Under Obamacare, insurers are supposed to reduce “cost-sharing” — deductibles, etc. — for lower-income enrollees, and the federal government is supposed to reimburse them. Republican Congresses have refused to fund these payments, though, and Trump ended them last year.
This was entirely correct as a legal matter. But it was unwise as a policy matter, and not just because these are expenses the law requires insurance companies to incur. As I pointed out here not once but twice — drawing on the analysis of the Congressional Budget Office — the move promised to increase both federal spending and the number of people insured through Obamacare.
That would happen because of the way the law is set up. Insurers would respond to the loss of their payments by hiking premiums, and when premiums went up, subsidies to enrollees would automatically increase as well. In fact, owing to some complications of the law, many people would see higher subsidies even if their own premiums weren’t affected.
If anything, the transition to the new system went surprisingly well. Some moderate Republicans are proposing to restore the payments, and some insurers are opposed. Philip Klein writes, summarizing a report from the Robert Wood Johnson Foundation:
Though the report notes that insurers did find Trump’s move extremely disruptive at the time, particularly as it was announced weeks before the start of open enrollment, they also talked about how they were able to work with state commissioners to respond to the problem.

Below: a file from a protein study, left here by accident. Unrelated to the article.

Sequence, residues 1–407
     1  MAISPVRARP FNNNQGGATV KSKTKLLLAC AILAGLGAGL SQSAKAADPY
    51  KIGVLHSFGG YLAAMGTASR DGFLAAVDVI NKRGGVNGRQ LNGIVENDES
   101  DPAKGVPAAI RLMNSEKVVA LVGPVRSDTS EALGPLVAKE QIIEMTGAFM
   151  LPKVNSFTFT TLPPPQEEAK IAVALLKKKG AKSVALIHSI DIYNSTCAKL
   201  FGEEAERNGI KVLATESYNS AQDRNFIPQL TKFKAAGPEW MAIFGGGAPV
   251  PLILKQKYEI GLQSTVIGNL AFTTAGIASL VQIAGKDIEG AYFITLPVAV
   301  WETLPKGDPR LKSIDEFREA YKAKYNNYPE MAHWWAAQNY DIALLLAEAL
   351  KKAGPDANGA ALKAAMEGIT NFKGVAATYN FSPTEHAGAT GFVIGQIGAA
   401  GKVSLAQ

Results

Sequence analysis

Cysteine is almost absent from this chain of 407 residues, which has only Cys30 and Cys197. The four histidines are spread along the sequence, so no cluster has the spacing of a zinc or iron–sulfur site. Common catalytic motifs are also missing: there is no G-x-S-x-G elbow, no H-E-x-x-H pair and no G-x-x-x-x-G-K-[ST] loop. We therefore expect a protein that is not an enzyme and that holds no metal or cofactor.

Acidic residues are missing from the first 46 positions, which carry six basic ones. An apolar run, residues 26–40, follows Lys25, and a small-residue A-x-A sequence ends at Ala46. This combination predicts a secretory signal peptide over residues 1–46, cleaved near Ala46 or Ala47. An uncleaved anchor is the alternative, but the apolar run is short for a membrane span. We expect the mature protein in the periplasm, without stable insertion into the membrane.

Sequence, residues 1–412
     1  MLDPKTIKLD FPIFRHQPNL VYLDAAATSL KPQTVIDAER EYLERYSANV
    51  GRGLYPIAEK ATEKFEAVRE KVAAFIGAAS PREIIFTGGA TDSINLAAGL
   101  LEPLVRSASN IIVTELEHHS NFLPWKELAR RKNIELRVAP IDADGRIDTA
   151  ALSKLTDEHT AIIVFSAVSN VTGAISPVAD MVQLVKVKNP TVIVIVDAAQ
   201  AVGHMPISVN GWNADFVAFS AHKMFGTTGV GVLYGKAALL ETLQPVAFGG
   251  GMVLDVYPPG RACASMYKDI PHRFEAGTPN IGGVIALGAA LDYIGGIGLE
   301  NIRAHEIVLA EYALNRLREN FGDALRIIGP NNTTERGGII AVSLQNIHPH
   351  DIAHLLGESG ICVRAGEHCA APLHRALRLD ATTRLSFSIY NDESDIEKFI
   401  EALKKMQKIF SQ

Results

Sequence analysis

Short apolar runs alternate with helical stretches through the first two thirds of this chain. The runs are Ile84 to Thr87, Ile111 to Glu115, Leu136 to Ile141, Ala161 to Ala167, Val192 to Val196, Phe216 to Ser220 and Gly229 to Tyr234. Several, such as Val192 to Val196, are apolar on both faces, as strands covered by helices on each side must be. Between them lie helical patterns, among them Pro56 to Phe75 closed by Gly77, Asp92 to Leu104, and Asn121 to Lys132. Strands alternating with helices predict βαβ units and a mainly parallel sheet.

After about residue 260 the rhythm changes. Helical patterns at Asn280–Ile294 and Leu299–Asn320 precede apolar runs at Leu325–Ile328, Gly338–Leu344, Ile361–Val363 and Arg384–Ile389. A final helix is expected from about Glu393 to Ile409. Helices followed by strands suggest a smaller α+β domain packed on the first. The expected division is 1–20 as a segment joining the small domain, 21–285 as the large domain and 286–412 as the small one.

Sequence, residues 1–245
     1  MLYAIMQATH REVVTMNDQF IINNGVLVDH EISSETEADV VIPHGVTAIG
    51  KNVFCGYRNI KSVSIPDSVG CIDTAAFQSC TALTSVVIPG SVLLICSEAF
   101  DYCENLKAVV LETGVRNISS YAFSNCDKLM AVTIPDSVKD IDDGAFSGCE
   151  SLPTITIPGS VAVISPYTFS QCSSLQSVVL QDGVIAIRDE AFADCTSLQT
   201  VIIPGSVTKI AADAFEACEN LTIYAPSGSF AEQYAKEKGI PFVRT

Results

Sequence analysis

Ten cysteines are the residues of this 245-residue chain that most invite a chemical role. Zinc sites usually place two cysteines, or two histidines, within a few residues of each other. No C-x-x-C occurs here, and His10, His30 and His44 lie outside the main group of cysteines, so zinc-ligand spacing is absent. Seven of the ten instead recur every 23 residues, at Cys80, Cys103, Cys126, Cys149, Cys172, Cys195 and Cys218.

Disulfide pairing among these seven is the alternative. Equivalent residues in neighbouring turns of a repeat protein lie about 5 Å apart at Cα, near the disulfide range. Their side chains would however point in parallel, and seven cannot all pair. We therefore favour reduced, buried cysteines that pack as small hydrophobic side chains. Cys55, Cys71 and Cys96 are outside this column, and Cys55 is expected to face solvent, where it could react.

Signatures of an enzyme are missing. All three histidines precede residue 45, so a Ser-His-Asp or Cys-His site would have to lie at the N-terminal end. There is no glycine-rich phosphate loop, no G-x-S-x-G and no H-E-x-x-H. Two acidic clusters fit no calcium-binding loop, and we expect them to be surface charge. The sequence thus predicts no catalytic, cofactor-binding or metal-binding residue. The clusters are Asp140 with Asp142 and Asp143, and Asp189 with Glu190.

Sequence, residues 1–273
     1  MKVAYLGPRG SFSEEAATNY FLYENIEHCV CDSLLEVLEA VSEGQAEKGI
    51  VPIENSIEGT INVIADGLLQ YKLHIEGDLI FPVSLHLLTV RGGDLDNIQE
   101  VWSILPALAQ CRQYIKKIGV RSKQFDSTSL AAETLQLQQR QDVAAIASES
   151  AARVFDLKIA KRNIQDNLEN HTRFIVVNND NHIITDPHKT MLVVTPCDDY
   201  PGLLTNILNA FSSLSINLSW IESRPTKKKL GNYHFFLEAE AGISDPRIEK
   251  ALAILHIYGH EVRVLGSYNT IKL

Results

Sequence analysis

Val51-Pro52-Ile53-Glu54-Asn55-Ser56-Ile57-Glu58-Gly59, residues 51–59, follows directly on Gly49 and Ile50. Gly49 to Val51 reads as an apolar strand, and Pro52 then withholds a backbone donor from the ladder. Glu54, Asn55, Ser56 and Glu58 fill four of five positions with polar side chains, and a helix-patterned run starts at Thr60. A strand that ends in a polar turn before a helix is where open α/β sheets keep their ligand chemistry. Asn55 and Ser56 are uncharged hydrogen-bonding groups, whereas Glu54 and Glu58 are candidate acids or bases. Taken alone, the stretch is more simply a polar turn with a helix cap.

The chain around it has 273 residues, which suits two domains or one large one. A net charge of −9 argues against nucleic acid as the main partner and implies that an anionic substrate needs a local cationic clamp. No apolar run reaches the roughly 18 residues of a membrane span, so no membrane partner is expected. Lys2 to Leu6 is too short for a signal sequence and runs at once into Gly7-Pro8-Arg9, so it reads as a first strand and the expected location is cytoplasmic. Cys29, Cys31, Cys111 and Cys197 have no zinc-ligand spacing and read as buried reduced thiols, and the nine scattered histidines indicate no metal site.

What happened was that state regulators allowed insurers to concentrate their premium hikes among mid-level “silver” plans, which are used to calculate Obamacare’s core subsides for individuals to purchase insurance. That enabled qualifying individuals to receive much higher federal subsidies, creating situations in which they were effectively able to purchase “gold” plans for the price of silver plans, or to obtain “bronze” plans at no cost to them.
According to the report, some insurers now say “many consumers are now ‘getting a good deal,’ thanks to higher premium tax credits, and that restoring CSRs would cause considerable confusion during the 2019 open enrollment season and lead to sticker shock for consumers who had switched to gold- or bronze-level plans this year.”
I think the GOP deserves a slow clap for this one.